Treatment of Skin Cancer

Skin cancers and pre-cancerous lesions can be treated in a variety of ways and not all require surgery. Smaller, superficial skin cancers can often be treated with freezing (Cryotherapy) or topical creams such as Efudix (a chemotherapy drug in cream form) and Imiquimod (also known as Aldara) which is a drug that stimulates the immune system to kill cancer cells.

Surgery is usually required for larger or thicker skin cancers and skin cancers that have not responded to non-surgical treatments.

Surgery usually refers to cutting the lesion out and then reconstructing the resulting defect in some way. Some more minor procedures can also be effective, such as curettage and cautery, which involves scraping the lesion from the surface of the skin and cauterising the resulting wound - this is often useful for patients who are not fit enough for a more involved procedure.

As a Plastic Surgeon, the procedures I most commonly perform are more complex, where a skin cancer has to be removed and the resulting defect requires reconstruction - typically on the face or limbs. 

Reconstruction can be with skin grafts or another technique called a local flap, which can give superior cosmetic results. I particularly specialise in local flap surgery for facial skin cancers as this facilitates the best oncologic treatment and final cosmetic result.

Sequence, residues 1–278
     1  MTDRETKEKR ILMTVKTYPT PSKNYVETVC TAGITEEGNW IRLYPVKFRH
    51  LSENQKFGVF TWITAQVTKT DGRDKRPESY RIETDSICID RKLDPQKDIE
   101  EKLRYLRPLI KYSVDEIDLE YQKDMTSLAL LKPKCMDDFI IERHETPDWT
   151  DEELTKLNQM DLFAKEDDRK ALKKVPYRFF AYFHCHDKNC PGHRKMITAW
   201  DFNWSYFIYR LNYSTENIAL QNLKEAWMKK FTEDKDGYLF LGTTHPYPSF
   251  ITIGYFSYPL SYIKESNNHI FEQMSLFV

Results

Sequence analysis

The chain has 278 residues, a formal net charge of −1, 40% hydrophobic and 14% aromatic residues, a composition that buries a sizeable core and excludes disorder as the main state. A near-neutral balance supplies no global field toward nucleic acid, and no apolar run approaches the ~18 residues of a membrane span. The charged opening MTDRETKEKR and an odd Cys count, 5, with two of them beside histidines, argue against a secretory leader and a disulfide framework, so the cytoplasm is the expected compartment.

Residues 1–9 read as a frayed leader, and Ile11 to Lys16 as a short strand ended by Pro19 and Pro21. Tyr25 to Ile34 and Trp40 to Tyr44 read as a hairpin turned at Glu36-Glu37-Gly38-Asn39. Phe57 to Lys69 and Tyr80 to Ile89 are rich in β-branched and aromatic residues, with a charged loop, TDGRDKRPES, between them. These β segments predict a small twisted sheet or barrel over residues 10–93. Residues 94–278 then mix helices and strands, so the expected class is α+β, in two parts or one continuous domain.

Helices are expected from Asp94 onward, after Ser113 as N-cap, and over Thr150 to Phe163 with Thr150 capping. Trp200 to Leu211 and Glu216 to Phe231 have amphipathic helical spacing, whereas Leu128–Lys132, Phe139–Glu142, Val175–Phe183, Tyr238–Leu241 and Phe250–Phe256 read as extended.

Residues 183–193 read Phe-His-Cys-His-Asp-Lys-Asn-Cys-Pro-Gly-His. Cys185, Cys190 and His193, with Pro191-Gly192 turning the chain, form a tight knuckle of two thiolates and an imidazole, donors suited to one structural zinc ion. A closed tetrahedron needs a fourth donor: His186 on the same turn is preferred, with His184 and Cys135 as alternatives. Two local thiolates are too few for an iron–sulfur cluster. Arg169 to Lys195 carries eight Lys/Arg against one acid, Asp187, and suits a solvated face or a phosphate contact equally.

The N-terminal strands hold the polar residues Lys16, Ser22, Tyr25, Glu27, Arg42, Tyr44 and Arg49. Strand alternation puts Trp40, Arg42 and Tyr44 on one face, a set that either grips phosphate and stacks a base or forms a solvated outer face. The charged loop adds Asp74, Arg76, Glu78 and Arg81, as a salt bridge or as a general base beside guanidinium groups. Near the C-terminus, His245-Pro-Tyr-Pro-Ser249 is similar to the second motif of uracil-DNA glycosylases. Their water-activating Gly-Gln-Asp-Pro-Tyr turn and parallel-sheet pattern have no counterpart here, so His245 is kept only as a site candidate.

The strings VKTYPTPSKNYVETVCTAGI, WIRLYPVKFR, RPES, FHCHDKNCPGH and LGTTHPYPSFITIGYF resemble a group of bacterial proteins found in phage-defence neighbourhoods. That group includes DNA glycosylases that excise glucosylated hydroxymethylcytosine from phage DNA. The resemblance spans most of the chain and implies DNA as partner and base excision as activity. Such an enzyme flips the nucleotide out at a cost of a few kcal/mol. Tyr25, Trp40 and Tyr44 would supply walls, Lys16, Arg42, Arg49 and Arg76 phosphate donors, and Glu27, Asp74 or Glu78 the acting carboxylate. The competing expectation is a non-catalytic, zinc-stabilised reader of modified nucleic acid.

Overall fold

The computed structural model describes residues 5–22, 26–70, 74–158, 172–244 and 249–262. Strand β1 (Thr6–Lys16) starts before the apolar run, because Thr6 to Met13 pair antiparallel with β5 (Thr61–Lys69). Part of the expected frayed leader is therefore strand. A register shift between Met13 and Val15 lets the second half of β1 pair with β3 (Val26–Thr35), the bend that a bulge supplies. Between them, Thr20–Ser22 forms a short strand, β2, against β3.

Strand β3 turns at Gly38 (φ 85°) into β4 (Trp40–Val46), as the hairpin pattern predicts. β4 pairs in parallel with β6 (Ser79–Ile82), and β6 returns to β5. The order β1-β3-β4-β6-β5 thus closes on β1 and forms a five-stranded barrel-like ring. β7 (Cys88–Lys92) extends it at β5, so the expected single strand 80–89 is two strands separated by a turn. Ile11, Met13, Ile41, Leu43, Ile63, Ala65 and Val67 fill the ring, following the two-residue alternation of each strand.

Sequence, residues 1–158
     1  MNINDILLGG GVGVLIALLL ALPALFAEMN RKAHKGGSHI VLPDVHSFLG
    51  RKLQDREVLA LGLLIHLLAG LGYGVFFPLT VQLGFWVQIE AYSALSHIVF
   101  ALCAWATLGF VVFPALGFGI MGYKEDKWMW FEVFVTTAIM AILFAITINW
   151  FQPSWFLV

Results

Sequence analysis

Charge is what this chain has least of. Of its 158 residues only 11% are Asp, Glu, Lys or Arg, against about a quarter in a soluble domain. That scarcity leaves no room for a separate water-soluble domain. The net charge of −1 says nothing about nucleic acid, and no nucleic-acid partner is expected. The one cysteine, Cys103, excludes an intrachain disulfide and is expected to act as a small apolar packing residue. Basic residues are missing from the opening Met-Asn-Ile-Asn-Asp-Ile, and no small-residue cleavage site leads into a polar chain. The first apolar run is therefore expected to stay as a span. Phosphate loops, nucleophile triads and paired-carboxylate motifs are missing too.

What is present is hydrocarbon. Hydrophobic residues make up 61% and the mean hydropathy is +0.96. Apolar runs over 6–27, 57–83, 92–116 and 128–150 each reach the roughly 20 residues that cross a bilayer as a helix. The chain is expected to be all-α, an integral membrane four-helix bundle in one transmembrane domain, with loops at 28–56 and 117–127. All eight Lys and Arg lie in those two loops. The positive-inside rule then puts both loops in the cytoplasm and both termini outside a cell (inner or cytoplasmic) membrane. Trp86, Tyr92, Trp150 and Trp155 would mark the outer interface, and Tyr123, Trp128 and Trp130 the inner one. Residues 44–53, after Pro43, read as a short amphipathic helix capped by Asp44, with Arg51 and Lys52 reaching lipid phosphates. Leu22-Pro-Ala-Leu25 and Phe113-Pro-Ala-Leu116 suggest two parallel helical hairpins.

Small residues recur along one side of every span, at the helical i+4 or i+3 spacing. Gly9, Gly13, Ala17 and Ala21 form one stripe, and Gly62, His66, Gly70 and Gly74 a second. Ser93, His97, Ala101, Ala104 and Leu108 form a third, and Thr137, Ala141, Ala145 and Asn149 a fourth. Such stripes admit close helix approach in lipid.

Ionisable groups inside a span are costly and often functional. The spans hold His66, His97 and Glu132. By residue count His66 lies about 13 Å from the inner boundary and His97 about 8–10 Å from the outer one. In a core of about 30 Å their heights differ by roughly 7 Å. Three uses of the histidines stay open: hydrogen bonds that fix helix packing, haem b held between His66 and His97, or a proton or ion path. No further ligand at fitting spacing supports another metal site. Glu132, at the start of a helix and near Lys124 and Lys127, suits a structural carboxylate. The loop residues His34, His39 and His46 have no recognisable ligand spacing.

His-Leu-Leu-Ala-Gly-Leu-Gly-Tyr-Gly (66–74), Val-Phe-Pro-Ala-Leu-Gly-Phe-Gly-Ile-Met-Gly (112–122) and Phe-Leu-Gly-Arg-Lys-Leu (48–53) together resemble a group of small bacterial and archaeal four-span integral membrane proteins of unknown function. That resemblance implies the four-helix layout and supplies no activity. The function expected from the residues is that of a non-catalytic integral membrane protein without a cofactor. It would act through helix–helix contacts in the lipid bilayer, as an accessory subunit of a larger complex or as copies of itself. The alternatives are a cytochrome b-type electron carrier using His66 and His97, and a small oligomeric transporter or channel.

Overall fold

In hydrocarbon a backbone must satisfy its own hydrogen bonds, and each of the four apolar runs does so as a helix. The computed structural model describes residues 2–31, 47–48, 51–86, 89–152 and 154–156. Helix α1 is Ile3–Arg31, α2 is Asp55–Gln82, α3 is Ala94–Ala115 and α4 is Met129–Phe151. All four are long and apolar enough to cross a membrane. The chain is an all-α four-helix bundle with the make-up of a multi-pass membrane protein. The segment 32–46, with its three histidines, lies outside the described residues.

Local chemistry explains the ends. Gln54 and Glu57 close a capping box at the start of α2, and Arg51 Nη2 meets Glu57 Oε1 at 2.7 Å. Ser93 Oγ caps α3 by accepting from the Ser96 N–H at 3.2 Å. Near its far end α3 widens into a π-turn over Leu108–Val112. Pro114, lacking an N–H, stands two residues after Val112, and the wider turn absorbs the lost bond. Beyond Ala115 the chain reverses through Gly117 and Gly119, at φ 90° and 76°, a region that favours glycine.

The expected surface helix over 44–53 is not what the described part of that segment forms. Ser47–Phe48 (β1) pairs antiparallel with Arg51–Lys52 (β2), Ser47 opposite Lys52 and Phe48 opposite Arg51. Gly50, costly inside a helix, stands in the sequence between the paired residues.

In addition to the top tips for reducing risk - high factor sunblock (that means 50!), cover up, avoid the hottest times of the day, limit overall sun exposure - it is important to take skin lesions seriously. 

Monitor any moles you have for changes in size, shape, colour and of course any itching or bleeding. Early identification of skin cancers and pre-cancerous lesions increases the chances of complete cure dramatically.

Malignant melanoma when caught early, has a 99% 5 year survival rate, whereas with established melanoma that has spread elsewhere in the body this figure drops to around 30%.

And a note on Melanoma BRAF...

BRAF is a gene associated with cell growth and everyone has it. The normal, unmutated form is often referred to as ‘wild-type’. Mutations in this gene can be identified in some malignant melanomas (up to 50%) and are no doubt responsible for some of the characteristic features of cancer (e.g. uncontrolled growth). 

These mutations occur spontaneously and may be related to damage from ultraviolet light (sun exposure). They are not inherited from parents or passed on to children.

The significance of BRAF is that we now have new treatments that target this genetic mutation. These new drugs have been a game-changer in the treatment of melanoma, even when it has spread to different parts of the body. All melanomas are tested for this mutation so that prompt treatment can be initiated if necessary.

But please don’t underestimate the great physical and mental health benefits of being outdoors (safely!). There are many great studies on the positive effects of being outside and being in the sun.

Mental Health Awareness Week

May also brings us Mental Health Awareness Week (15-21st May), and being a Consultant Plastic Surgeon, I take the mental health of my patients very seriously.